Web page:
Following the normalization of Sino-Vietnamese relations in 1991, a series of border disputes led to the return of bilateral tensions. To settle these disputes, the Chinese and Vietnamese governments established a series of dialogue mechanisms. These dialogue mechanisms range from high-level and ministerial dialogues, to dialogues at the governmental and expert levels. These have had varying levels of success. China and Vietnam signed a land border treaty in 1999, and spent the following decade jointly demarcating their land border. China and Vietnam have also had maritime disputes. While they did resolve their maritime dispute over the Gulf of Tonkin in 2000, their disputes over contested claims in the South China Sea, especially with regard to the Paracel and Spratly archipelagos, remain unresolved.20

In recent years, anti-China public demonstrations in Vietnam have been organized to protest Chinese actions in the South China Sea. These include large demonstrations in Hanoi and Ho Chi Minh City in 2011 over alleged Chinese naval harassment of a Vietnamese oil exploration expedition, and demonstrations and riots in 2014 over the Chinese deployment of an oil rig in the disputed Paracel archipelago.21 The Vietnamese government has occasionally resorted to tit-for-tat responses to Chinese actions in the South China Sea.

In 2013 Vietnam was angered by China’s launch of a tourist cruise tour of the Paracel archipelago, and it retaliated in 2015 by launching a “sovereignty cruise” tour of the Spratly islands, angering China.22 Vietnam has also adopted a tit-for-tat response to China’s land reclamation works in the South China Sea, by reclaiming land and constructing buildings at West London Reef and Sand Cay in the Spratly archipelago.23 Of the rival claimants to the Spratly archipelago, it is Vietnam that has established the greatest number of outposts on the disputed islands: 48 as of May 2015, with China and the Philippines each having 8, Malaysia 5, and Taiwan, 1.24 This could complicate efforts by Vietnam to establish an anti-China alliance with the Philippines, which has its own claims to the Spratly islands.25

Fear of Encirclement

The fear and suspicion of China that occasionally emerges in Sino-Vietnamese relations can be traced to Vietnam’s sense of Chinese encirclement: its northern border is with the Chinese provinces of Yunnan and Guangxi, and its western border is with Laos and Cambodia, both of which have close ties with China.26 And on Vietnam’s east, as we have just seen, the South China Sea is a key zone of territorial contestation with China. To avoid domination by China, the Vietnamese government has actively pursued relations with other powers including the US, the EU, India, Japan, and Russia. The Vietnamese government has also actively sought to reduce Vietnam’s economic dependence on China.27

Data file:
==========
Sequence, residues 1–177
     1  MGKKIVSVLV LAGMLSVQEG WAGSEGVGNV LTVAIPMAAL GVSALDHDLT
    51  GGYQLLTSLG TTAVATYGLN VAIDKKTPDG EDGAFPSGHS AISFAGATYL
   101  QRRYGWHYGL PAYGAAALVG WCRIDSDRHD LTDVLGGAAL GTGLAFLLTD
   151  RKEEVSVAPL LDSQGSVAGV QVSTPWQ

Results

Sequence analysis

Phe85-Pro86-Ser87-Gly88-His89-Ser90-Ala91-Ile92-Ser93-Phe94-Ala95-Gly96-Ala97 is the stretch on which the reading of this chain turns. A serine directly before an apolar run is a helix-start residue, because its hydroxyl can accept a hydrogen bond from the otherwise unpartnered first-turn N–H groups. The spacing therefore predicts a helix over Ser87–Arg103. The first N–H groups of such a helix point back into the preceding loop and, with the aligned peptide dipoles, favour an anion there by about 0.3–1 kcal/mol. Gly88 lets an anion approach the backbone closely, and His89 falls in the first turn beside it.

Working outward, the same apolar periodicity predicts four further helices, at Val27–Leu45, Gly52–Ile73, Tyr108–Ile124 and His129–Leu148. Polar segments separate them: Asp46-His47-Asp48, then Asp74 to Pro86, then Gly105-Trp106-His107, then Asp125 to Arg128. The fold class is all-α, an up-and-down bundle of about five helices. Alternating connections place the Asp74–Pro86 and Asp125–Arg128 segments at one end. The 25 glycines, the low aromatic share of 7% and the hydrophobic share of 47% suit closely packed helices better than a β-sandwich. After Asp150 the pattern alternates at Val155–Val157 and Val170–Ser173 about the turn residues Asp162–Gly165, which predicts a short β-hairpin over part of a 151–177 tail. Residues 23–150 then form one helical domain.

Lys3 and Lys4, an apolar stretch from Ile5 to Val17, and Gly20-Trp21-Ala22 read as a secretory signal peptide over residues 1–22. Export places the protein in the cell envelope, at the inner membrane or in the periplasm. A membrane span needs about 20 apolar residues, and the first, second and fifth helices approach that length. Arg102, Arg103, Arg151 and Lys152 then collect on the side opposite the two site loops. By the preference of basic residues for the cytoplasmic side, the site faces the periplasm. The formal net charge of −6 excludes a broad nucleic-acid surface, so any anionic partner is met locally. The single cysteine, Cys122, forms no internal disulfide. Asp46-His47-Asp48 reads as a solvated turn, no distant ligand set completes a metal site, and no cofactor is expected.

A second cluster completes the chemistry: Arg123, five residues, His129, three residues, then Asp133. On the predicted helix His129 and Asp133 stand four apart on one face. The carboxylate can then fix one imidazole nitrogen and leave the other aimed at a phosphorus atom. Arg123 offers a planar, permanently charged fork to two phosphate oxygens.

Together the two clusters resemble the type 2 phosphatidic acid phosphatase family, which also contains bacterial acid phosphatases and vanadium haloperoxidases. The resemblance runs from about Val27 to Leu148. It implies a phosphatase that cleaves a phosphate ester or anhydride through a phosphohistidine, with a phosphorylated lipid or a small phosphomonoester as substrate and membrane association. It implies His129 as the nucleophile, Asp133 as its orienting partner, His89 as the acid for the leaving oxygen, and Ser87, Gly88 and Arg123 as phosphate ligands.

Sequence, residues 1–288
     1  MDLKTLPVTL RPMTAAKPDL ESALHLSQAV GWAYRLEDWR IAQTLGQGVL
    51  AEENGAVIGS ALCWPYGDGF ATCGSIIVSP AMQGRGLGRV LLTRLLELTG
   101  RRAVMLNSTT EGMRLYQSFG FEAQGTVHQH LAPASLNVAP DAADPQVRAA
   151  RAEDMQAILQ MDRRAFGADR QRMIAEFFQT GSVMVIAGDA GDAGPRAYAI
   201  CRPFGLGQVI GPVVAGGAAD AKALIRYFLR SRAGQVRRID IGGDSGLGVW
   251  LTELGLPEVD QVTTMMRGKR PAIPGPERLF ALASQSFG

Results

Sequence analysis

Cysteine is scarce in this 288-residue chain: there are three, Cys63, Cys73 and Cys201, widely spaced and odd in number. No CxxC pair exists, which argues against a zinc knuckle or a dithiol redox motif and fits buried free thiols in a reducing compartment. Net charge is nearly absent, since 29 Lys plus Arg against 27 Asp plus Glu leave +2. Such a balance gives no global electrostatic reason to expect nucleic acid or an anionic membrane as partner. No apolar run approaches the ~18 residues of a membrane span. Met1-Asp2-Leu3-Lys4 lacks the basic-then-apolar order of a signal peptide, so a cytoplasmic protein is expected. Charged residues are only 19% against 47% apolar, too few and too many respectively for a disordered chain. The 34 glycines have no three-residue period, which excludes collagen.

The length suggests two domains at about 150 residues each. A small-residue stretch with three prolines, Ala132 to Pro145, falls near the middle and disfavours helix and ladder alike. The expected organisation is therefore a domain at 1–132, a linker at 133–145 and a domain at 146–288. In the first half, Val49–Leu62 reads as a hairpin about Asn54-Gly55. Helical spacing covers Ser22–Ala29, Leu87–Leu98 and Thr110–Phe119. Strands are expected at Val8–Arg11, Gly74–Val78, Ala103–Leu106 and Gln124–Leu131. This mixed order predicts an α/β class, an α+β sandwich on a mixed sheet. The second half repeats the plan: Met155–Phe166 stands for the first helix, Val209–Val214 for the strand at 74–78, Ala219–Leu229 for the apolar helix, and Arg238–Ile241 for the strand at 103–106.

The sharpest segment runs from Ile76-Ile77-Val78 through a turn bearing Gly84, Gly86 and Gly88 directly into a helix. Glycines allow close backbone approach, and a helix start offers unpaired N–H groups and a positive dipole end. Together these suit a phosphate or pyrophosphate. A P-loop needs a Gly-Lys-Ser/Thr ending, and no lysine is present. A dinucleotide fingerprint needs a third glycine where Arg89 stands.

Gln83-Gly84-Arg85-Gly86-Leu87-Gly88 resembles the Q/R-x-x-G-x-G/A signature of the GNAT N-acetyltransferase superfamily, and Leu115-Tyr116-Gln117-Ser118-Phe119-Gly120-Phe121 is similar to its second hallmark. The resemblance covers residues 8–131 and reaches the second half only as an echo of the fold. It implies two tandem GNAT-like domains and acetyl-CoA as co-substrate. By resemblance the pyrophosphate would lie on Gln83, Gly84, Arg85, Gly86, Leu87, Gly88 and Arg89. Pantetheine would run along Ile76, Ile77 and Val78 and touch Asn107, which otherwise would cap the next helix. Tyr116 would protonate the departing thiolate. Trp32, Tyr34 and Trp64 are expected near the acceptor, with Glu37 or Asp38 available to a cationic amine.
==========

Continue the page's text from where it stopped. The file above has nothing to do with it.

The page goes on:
In addition, Vietnam has sought engagement with multilateral forums like ASEAN in order to weaken China’s influence. However, multilateralism has not always worked to Vietnam’s satisfaction. Cambodia, for example, has in recent years acted on behalf of China in the ASEAN multilateral framework.28 In the ADB’s Greater Mekong Subregion (GMS) multilateral forum, of which both China and Vietnam are members, GMS projects have improved connectivity between northern Vietnam and the Chinese provinces of Yunnan and Guangxi, resulting in tighter Sino-Vietnamese economic integration. While the Vietnamese government welcomes the economic development of the northern border region, the increased economic linkages with China have raised fears of economic dependency.29

In the case of hydropower, the GMS has failed to resolve a long-simmering conflict between China and the downstream Mekong nations—including Vietnam—over Chinese dam-construction in the Upper Mekong.30 Vietnam and the other downstream Mekong nations are concerned about the likely negative effects to the environment and their riverine fisheries of China’s planned construction of almost 30 dams, as well as Laos’ planned construction—with Chinese support—of up to 70 dams, in their respective stretches of the Mekong.31 This unfolding issue can be anticipated to remain one of the key sources of tension in Sino-Vietnamese relations in the years ahead.